When disks have different sector sizes for primary and secondary replica log files in an AlwaysOn Availability Group Config

Recently I was analyzing a stress test result for an AG configuration, and as usual I was reading to SQL error logs to see if there is anything out of normal happened during the stress window.

In one of the asynchronous replicas, I started noticing a series of messages related to log IOs:


The keyword misaligned tempted me to check the sector size of the log file involved, and this is where things started interesting.

Log file on the primary:


Log file on the secondary:


From the above screenshots, you can clearly see that the disks are not aligned.

So, what’s a big deal about this?  When disks for primary and secondary are not aligned, then the AG synchronization process can run slow. This is not something which you would like to see in a Production server.

To ensure that you don’t have slow AG sync process,all the disks involved(specifically log file disks) in an AG configuration should have same sector size(Recommended).

Microsoft did released a hotfix to fix slow synchronization issues with misaligned disks, however I would still prefer setting the disks correctly rather than opting for this hotfix.

You can refer the hotfix details here – https://support.microsoft.com/en-us/kb/3009974

Trace flag 1800 has to be enabled, for this hotfix to work, and it’s applicable for SQL 2016 too.


AlwaysOn AG has multiple dependencies(like WSFC, Networks, Storage Subsystem etc) and setting some of the best practices for these dependencies will ensure that your AG is healthy and running at optimum levels.

Thanks for reading, and keep watching this space for more!

AlwaysOn Availability Group Database Level Health Detection – SQL Server 2016

SQL Server 2016 AlwaysOn AG got many improvements, and I’m pretty impressed with the log throughput improvements and redo improvements based on some of my test cases(A detailed blog post on that will follow soon). In this blog post we will look at another key improvement, ie Database Level Health Detection.

SQL Server 2016 enhances the AlwaysOn health diagnostics with database health detection. If AlwaysOn availability group database health detection has been selected for your availability group, and an availability database transitions out of the ONLINE state (sys.databases.state_desc), then entire availability group will failover automatically.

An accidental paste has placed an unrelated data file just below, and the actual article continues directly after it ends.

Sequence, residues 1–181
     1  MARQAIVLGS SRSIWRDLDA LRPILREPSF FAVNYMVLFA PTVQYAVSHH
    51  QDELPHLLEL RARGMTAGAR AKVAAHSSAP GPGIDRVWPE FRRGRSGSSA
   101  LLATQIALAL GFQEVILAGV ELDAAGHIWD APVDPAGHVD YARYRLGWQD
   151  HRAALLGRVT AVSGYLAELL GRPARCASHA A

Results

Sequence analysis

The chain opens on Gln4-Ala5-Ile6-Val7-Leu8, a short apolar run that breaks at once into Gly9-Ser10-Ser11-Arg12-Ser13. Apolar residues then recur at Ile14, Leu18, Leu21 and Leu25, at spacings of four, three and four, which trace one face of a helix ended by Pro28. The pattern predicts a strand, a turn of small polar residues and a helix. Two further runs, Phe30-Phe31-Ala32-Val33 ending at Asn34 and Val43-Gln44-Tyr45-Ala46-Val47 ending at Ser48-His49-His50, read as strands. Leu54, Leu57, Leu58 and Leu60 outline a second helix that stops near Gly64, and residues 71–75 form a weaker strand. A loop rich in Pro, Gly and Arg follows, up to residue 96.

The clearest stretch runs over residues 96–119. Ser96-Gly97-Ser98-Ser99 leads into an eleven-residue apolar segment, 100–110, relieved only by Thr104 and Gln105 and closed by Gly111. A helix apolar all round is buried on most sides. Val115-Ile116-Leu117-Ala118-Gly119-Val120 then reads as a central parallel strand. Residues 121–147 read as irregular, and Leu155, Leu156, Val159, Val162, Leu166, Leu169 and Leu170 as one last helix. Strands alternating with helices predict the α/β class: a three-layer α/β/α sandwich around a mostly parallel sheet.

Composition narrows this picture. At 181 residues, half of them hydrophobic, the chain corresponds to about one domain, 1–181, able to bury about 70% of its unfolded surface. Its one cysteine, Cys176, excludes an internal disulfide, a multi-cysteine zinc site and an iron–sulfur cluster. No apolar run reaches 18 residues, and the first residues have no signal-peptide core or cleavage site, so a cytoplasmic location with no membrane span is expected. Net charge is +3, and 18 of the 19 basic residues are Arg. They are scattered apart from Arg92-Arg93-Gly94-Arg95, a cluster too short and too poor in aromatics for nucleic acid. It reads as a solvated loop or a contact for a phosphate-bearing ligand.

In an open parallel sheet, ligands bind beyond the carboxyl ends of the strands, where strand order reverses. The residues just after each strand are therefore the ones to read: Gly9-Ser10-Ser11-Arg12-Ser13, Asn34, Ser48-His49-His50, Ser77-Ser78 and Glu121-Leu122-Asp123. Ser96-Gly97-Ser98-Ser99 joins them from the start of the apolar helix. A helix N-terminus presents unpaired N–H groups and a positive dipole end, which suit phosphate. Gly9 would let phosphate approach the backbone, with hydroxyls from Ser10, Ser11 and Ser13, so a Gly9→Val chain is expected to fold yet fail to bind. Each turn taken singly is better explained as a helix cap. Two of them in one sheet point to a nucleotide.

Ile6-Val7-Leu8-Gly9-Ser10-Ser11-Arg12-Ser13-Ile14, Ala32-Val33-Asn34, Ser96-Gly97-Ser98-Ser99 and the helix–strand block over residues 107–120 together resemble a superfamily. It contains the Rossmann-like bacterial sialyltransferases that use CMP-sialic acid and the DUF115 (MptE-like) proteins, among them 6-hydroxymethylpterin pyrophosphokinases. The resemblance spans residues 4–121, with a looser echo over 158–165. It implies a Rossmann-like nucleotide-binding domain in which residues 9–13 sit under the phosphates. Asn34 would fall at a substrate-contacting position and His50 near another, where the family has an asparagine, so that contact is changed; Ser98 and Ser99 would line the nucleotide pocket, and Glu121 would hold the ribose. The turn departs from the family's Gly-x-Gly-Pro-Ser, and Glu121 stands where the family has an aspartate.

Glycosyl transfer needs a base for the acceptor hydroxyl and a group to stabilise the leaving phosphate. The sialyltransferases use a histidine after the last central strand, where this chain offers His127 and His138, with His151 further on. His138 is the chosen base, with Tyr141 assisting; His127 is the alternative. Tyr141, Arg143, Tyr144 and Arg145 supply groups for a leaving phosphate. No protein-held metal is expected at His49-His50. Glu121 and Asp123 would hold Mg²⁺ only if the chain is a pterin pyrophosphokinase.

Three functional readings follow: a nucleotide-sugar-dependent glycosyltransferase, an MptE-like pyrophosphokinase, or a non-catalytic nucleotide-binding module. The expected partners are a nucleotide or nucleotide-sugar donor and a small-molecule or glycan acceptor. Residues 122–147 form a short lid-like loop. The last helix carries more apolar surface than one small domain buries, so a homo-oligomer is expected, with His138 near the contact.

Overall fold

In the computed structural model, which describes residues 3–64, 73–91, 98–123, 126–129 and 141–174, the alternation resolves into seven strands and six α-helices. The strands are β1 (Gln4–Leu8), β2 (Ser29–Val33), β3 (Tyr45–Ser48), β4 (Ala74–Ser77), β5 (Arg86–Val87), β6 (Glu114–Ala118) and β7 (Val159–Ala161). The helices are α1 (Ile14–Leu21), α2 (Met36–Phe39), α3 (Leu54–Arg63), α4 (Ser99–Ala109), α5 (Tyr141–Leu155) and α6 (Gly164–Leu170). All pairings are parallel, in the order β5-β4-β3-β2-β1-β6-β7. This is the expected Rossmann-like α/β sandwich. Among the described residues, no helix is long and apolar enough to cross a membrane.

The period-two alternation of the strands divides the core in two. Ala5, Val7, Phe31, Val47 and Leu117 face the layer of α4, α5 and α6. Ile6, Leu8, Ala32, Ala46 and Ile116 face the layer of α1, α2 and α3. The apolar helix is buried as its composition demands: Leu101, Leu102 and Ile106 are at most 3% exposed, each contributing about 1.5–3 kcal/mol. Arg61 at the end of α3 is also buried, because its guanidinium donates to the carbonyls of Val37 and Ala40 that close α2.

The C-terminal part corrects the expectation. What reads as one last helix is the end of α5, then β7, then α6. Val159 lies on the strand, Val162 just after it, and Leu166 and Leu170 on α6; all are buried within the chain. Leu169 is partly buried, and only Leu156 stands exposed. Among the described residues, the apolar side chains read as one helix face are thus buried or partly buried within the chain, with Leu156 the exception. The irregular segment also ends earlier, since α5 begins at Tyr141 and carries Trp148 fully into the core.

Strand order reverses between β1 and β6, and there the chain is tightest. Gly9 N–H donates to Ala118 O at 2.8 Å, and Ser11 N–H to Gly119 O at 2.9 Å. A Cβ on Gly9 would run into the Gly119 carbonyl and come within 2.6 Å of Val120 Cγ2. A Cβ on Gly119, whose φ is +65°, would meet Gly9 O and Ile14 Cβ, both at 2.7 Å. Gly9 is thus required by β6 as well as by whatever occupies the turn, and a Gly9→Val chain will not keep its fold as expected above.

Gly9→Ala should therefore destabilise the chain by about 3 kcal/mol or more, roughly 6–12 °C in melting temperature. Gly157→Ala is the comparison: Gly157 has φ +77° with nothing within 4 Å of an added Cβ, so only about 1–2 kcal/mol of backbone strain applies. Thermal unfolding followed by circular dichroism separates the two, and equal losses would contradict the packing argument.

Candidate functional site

Let’s look at a demo to demonstrate the new behaviour –

I have enabled Database Level Health Detection for my AG as shown below –

AG20161Now, in theory if one of the disks which is hosting my database tpcc is gone(both data/log file), then it should trigger a failover.

Currently node 001 is the primary replica. Let’s see, if theory matches with reality.

I went ahead and inserted data continuously to one of the tables in the database, and took the disk(which hosts both data/log files) offline via Disk Management –


That caused the database to go into Recovery Pending State –


Note – This controlled failure simulation was not a straightforward process. Initially the database was not going to a degraded state. After my interaction with some of the top SQL Server Experts out there in our community, I was able to force the DB go into a degraded state.

Ref this twitter thread for more details – https://twitter.com/AnupWarrier/status/748364014682578949

This immediately caused a failover, and now 002 is the primary replica.


Conclusion – 

This proves that Database level health detection works seamlessly and a failover is triggered when the state of a database changes from Online to other degraded states.

Thanks for reading, and keep watching this space for more!